ELIXIR Finland offers data storage services, access to supercomputers and software tools as well as training. Through ELIXIR, life scientists have access to substantial biological and medical data sets.
Over the past ten years, the amount of data produced by bio and medical research has increased dramatically. This has resulted in data collections that require significant resources to maintain. Small, specialised data resources have also increased. ELIXIR uses biomedical data to create quality criteria to identify the most important data resources in Europe. In future, such data will be easy to find as it will be accessible in accordance with the FAIR principles (findable, accessible, interoperable, reusable) of open data.
ELIXIR data sources include, for example, sequence data, nucleotide transcript data, data on protein expression and information on the structure and function of drug-like small molecules. Data generated through metabolomics is also obtained. Metabolomics is a method used for the comprehensive study of small-molecule metabolites and their structure, function and synergistic effects in the cells, tissues, blood and secretions of the body.
Many resources of the ELIXIR nodes, such as files, tools, real-time search interfaces and application programming interfaces (API) are always available.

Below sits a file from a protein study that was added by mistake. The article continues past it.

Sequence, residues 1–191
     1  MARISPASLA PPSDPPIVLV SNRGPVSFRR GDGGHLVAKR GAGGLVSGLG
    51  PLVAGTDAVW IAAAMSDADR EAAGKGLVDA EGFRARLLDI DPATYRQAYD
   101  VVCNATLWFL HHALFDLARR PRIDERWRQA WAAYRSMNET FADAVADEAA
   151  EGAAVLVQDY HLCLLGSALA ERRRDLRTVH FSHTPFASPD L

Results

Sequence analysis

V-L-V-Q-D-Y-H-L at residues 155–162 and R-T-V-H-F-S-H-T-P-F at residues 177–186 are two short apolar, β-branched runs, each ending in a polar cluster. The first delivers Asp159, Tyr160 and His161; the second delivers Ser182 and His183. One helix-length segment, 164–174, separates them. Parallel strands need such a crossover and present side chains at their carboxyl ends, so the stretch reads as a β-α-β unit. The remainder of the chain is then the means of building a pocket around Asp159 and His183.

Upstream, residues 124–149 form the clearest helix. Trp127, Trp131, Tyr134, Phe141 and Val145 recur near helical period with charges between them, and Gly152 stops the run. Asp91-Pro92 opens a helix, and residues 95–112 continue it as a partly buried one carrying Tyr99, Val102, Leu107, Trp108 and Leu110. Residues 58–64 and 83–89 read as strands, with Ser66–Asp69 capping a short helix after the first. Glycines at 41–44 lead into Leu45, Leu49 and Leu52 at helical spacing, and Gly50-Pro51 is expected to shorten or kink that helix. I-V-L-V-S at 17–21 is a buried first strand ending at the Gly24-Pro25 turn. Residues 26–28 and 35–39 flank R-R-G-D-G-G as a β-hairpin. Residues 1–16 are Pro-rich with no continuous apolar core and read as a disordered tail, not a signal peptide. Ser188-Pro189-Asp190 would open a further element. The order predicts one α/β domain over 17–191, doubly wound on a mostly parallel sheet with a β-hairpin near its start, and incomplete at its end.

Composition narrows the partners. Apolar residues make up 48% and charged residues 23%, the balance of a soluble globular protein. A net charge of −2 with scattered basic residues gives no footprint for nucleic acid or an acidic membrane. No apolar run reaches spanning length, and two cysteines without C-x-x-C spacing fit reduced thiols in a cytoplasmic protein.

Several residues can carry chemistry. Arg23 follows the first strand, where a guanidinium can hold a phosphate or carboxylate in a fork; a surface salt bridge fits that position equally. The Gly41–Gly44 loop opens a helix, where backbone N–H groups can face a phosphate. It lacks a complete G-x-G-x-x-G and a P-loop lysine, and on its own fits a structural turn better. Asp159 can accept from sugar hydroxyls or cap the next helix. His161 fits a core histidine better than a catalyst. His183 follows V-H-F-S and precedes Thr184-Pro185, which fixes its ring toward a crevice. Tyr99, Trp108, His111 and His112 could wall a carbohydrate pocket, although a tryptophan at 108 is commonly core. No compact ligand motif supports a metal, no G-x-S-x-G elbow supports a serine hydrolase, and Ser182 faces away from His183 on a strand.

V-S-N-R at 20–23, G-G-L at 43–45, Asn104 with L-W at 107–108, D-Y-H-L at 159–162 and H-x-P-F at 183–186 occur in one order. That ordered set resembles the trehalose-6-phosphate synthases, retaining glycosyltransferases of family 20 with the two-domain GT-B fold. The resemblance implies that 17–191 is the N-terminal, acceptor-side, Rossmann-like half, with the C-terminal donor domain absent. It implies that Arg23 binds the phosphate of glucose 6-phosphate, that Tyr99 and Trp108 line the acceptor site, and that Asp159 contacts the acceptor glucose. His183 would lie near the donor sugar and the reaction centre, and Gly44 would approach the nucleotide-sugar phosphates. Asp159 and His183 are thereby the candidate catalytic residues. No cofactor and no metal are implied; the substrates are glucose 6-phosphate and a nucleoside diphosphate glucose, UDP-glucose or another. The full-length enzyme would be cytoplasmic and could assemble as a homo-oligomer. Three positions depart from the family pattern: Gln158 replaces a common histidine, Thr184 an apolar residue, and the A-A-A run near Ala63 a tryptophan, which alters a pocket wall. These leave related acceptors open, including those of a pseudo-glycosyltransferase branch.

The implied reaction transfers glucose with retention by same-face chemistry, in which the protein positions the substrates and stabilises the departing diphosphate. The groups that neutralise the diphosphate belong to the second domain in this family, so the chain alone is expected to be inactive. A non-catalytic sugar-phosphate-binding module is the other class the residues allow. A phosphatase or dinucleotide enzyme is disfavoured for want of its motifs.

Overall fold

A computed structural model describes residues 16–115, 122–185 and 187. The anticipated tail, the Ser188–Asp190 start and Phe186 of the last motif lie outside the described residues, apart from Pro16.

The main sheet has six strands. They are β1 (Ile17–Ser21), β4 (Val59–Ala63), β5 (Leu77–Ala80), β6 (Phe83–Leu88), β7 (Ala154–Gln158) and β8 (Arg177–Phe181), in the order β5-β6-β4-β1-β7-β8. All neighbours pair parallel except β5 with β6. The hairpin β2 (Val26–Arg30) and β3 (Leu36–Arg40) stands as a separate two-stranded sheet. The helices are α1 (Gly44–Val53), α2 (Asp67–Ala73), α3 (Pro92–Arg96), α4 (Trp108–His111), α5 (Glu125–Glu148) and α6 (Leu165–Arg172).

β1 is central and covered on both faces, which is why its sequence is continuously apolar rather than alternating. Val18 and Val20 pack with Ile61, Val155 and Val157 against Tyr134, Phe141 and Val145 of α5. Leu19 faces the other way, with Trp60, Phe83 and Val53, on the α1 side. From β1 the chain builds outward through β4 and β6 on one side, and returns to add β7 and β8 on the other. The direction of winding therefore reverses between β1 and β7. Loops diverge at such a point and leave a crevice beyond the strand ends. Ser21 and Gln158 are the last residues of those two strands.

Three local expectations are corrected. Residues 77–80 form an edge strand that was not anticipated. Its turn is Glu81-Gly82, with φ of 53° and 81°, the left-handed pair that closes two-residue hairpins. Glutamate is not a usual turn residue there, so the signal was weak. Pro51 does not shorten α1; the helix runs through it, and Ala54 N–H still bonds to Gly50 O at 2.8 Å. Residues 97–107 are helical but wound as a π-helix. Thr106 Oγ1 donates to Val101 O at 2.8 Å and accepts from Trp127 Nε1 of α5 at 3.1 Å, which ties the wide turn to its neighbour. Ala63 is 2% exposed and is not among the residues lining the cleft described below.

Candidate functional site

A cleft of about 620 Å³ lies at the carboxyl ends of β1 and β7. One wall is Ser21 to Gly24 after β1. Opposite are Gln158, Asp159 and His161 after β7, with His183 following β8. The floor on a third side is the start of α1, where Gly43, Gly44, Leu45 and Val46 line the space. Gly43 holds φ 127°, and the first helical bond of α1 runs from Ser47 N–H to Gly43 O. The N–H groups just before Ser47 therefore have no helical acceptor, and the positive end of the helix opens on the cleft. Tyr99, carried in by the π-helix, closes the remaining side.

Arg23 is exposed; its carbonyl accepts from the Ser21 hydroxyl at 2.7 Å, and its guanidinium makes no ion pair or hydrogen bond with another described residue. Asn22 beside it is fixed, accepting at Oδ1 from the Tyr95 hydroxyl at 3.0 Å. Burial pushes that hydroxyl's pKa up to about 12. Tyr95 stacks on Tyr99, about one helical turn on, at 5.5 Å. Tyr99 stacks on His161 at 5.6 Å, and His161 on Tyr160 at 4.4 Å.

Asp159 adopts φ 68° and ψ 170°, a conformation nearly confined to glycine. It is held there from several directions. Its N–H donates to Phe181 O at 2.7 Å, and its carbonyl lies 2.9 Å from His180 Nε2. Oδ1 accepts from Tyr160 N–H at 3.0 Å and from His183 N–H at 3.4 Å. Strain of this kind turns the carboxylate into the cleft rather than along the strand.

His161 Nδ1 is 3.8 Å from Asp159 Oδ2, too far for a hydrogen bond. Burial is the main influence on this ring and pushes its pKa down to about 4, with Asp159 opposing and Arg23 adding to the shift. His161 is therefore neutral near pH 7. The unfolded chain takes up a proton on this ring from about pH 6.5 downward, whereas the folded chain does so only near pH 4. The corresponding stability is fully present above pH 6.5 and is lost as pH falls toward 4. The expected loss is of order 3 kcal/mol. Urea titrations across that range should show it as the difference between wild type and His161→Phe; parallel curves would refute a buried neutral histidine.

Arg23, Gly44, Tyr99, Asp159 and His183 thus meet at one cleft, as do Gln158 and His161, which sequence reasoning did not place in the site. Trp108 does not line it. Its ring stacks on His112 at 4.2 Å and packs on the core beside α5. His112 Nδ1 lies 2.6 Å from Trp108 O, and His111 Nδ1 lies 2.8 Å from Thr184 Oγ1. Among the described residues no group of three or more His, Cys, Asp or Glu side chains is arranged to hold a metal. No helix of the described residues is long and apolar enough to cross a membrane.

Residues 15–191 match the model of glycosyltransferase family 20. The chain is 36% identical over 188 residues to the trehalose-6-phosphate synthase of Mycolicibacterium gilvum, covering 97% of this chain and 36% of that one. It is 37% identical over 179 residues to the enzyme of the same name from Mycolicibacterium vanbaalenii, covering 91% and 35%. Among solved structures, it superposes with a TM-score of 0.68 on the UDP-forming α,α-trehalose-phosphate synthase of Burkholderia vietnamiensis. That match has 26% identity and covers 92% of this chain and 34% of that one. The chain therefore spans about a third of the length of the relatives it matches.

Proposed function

ELIXIR nodes share and store data and provide computing resources, software and tools for member organisations. ELIXIR Hub creates the data registers and defines standards for the data. It also establishes a decentralised computing infrastructure for biomedical data in Europe.
ELIXIR data resources have been divided into two categories, “core” and “deposition”.
ELIXIR’s key data sources have been duplicated for CSC and merged with CSC’s computing resources. On the other hand, the national data resources maintained by CSC do not meet the “core” and “deposition” criteria of ELIXIR. The situation will change in future. The objective of recording the genomes of the Finnish population for health care purposes is a good example of this. The collected data is valuable for research. The national genome research strategy includes a plan to make this data anonymous in order to support both public and private research. The other Nordic countries also share this vision.
Finnish sample collections are significant for studying the hereditary causes of diseases. Thanks to the SISu project, the data on genetic variation in Finns has been compiled into one database. The open information on genetic ancestry available at sisuproject.fi is unique even on a global scale.
Read more about SISu Data Sources http://www.elixir-finland.org/en/sisu-2/